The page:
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Wed, Feb

At home with digital textile printing

Heimtextil is something of a pull for anyone involved in textiles. So can PSPs learn much from the trends and developments highlighted at the recent 2016 event? Duncan Ferguson, director of Professional Printings Solutions for exhibitor Epson Europe, gives his view.

The digital print technology hall at Heimtextil in Frankfurt in January was really inspiring this year in terms of the high level of interest from textile designers and all sizes of textile and decor product manufacturers and print service providers (PSPs) that we experienced on our booth.

Epson’s aim at the event was to show the versatility of the 64in dye-sublimation SureColor SC-F printers to produce high quality textiles and a variety of decorated homeware items on our booth. In addition, we showed samples from the 3.2m wide Robustelli MonnaLisa direct-to-fabric printers and – at the other end of the spectrum – our desktop SureColor SC-F2000 small-format printer. 

Although Heimtextil is mostly about home textiles as you would expect, there is an increasing level of complementary decor products on show, such as wallpaper and tableware. On our booth specifically, we displayed decorated plates, cutlery, mugs, vases printed using dye-sublimation printers, plus aprons, tea towels, lampshades and napkins, alongside a range of printed textiles for soft furnishings.

This product spread attracted huge interest from designers and suppliers looking to diversify their ranges and tap into the trend for customised decor products and triggered lots of interesting conversations. What was clear from these is that they all want to learn more about digital printing and how they can use the technology to produce quality decor products.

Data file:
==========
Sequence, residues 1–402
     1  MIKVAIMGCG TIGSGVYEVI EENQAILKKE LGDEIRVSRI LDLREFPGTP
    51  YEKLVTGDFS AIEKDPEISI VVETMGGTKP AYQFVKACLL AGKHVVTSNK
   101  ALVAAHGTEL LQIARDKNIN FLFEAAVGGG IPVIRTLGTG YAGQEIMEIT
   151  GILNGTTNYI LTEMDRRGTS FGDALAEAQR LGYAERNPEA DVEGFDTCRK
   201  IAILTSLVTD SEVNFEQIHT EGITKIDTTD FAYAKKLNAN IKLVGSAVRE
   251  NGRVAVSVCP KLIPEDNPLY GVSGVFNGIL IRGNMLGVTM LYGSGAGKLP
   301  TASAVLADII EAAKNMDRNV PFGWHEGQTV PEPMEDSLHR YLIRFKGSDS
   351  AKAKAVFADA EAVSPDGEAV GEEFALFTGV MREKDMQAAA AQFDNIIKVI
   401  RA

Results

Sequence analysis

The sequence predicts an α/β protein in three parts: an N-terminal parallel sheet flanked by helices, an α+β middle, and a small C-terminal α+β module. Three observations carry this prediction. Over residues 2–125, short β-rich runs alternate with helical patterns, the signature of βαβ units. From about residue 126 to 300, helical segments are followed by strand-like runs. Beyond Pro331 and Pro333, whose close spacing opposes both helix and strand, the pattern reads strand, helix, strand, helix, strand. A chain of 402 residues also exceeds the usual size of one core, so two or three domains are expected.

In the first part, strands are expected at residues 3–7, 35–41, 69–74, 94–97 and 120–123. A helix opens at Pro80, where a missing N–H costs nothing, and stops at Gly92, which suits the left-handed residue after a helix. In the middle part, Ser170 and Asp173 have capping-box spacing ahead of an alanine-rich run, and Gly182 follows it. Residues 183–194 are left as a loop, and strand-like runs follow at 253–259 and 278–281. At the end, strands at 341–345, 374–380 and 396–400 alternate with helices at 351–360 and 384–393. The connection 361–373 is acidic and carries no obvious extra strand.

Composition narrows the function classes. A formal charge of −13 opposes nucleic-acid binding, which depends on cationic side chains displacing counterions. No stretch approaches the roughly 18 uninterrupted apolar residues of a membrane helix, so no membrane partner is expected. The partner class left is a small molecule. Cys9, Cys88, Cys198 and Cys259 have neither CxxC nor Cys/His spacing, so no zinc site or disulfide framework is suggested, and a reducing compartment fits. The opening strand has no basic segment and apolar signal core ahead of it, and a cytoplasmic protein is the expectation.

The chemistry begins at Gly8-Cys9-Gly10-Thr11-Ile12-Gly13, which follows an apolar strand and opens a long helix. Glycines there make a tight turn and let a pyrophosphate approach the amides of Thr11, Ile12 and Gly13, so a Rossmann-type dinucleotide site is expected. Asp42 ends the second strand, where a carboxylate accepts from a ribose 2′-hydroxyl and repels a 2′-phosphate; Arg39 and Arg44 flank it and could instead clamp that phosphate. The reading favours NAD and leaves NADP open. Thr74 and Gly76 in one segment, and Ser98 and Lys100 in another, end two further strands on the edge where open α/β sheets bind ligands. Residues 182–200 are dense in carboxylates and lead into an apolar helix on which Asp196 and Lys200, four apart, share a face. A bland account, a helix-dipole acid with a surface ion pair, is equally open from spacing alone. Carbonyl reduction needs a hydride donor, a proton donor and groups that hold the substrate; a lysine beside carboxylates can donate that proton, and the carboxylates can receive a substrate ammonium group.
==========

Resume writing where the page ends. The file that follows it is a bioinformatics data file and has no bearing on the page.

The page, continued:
On the fabric front, the choice of really great quality polyester-based textiles that emulate linen, cotton, jersey and velvet are inspiring designers to use the dye-sub process to produce bespoke decor products. We partnered with Premier Textiles at Heimtextil and, as designers looked through their sample books and the quality of the printed end result, the first questions were invariably “How much does it cost to get it printed?” followed by “How do I find a dye-sub print company to print my designs?” then “Can print firms also make up the finished product for me?”.

Given the high level of interest, I believe there is no better time for PSPs to serve this new market by forging relationships with designers and décor manufacturers. Granted, it’s not going to be easy but the early pioneers have not looked back. Some offer a simple textile print service, others offer a one-stop print and make service by employing or partnering with sewers and upholsterers. The most successful have online Web-to-print retail front ends where the public can choose from a range of stock designs or upload their own designs.

Epson is working with designers and design schools around Europe to show them the potential of digital printing. It’s been an inspiring experience from both sides. They love the freedom to experiment with designs and materials and have produced some stunning products that would have been too costly to do using traditional methods. For example, we worked with Bryony Benge-Abbott of Blooming Bryony Designs to produce designs for last year’s Heimtextil and in just a year she has changed her business as a direct result of the experience.

Since then she has started working with a couple of PSPs to print her textiles, partnered with an upholsterer and sewers to make ‘art’ armchairs and cushions, and is selling fabric by the metre online. Epson worked with her again this year and she put her designs onto tableware for the first time, marking another expansion for her designs in 2016.

There is a strong generational change that is driving growth - the ‘millennial’ generation is tech savvy and has strong spending power. They like to be individual and are quick to change their fashion and environments and buy ‘digitally printed’ apparel and decor items. And we see a rapid growth in designers - such as Orla Kiely and Cath Kidston - who are maximising the opportunity to print quality images on all sorts of materials, in all shapes, both 2D and 3D.

At a show like Heimtextil the focus is predominantly on high-volume production. But the development of affordable, entry-level, digital printing equipment opens up considerable opportunities for small companies, artisan designers and entrepreneurs - and the PSPs that can serve them.

At the WTiN Digital Textile Conference on the first day of the show, James Rankin, market analyst, said that apparel and home textiles have now overtaken signage as leading use of digital fabric. Clearly a great opportunity now for PSPs to diversify.

 

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